It is clear that, in the unoperated condition, the central part of each capsule 6 is away from the central area of metal plating 5, the switch formed by these two members being open.
Starting from this position, pressure P exerted on the top of the capsule 6 causes elastic deformation of the capsule 6 which, following reversing of the concavity (providing the tactile effect), comes into contact with the central area of metal plating 5. The switch is then closed.
The invention proposes to add to this first mode of operation of the keypad switches a proximity sensing type second mode of operation.
In the example shown in FIG. 2 this result is achieved as follows:
on the one hand, by associating locally with each switch I a capacitive circuit comprising in series between a terminal 8 to which is applied a high-frequency periodic signal produced by a generator 9 and a reference potential (ground M) a first capacitor C1, a switch I and a second capacitor C2 having a relatively high capacitance, the point J at which the first capacitor C1 is connected to the switch I being grounded through a diode D1 and a resistor R1 ; and
on the other hand, by sensing the voltage at the output S (the point where the diode D1 is connected to the resistor R1).
When the switch I is open and when there is no conductive member near the capsule 6 the signal applied to the terminal B is rectified and filtered. There results at S a signal at a first voltage N1.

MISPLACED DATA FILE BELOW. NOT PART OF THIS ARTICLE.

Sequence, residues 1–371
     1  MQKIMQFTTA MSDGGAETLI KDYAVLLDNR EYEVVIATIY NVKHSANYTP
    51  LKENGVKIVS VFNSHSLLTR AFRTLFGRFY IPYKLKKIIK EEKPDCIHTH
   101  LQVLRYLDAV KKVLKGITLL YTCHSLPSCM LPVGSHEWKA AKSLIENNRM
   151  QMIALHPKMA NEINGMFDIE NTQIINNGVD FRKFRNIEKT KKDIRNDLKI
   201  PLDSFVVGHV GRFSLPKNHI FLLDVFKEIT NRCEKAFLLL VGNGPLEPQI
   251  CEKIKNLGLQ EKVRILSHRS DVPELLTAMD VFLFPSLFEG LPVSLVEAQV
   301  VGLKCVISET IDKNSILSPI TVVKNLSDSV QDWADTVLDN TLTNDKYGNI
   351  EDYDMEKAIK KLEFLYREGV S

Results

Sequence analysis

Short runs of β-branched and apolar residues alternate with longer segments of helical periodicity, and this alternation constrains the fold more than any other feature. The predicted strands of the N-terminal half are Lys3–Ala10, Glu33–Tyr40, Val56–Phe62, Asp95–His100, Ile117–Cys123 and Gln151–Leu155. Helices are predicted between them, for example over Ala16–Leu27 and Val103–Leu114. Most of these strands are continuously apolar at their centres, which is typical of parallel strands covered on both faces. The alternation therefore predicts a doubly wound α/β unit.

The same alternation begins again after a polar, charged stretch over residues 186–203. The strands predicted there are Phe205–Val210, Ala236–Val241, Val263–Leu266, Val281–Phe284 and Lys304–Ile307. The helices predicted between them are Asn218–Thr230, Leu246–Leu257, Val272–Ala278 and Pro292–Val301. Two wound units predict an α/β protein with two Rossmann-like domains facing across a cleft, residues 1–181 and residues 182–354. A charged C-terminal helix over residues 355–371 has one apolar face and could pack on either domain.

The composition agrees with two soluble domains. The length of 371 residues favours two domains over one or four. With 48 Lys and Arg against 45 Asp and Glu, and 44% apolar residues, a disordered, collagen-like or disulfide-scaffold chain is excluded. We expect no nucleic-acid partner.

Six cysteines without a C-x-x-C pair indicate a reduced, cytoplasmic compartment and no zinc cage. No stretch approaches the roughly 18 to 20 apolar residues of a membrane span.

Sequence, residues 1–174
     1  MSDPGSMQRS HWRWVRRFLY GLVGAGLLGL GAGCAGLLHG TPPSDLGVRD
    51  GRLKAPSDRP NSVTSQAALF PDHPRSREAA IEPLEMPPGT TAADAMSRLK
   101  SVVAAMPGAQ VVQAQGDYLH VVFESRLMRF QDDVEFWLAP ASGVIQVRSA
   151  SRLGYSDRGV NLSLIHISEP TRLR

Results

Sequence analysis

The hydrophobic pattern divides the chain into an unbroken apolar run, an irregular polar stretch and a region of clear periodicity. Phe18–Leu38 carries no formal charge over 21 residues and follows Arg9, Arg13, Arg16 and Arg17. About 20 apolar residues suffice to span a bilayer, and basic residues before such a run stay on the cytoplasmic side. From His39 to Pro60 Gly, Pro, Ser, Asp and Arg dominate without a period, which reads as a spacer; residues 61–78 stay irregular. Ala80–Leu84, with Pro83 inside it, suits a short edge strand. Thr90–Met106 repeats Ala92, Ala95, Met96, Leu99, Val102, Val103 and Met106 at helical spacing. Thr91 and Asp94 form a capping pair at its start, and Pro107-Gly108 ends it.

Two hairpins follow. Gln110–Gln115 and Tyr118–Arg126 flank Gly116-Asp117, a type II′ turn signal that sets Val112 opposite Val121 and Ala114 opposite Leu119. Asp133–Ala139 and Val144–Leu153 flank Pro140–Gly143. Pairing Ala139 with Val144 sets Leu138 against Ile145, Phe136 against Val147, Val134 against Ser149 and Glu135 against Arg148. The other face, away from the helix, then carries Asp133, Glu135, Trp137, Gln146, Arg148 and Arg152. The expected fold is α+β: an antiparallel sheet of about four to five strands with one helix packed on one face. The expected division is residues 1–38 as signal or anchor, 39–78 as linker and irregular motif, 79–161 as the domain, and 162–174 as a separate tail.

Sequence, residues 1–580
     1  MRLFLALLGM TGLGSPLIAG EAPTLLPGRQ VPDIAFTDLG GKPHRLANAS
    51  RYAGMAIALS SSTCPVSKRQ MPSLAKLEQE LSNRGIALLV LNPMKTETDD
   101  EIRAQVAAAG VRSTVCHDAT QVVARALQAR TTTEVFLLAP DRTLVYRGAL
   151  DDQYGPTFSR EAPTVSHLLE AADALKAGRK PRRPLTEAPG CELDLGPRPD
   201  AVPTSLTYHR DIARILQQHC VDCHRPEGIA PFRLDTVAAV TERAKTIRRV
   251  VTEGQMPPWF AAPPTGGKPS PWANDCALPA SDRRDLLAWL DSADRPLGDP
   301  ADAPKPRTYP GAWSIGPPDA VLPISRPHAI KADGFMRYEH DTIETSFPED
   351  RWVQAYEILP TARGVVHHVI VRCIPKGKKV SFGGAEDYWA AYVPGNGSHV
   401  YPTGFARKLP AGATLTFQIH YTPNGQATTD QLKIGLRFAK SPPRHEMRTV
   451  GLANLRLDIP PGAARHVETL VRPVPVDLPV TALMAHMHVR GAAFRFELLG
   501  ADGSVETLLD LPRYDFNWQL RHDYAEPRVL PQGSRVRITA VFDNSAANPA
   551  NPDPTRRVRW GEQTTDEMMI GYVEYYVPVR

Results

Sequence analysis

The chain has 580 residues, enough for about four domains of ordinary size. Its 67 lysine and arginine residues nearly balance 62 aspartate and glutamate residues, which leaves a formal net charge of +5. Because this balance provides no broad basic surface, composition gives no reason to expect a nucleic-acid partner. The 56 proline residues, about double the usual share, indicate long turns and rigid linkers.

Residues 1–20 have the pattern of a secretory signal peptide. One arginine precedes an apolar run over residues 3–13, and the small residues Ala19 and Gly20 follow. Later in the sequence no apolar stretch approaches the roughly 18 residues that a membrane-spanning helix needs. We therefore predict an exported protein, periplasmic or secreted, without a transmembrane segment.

The effect of an electrically conductive body near the capsule 6 is to induce stray capacitance between the point S and ground. This causes a leakage current which attenuates the voltage at point J. The signal at the output S is therefore at a second level N2 much lower than the first.
If the switch I is closed the point J is grounded through the capacitor C2. Provided that a capacitor C2 of sufficiently high capacitance is used, there is then obtained at the output S a very low or even null voltage signal level N3.
Of course, the voltage signal at the point S may be analyzed by an analog system (compared with threshold voltages, for example), so as to discern the three levels and select respective commands accordingly. It may simply be applied to an analog/digital converter 10 driving a load circuit 11.
This solution is particularly advantageous in implementing a matrix type keypad.
In this case, as shown in FIG. 3, the keypad may comprise: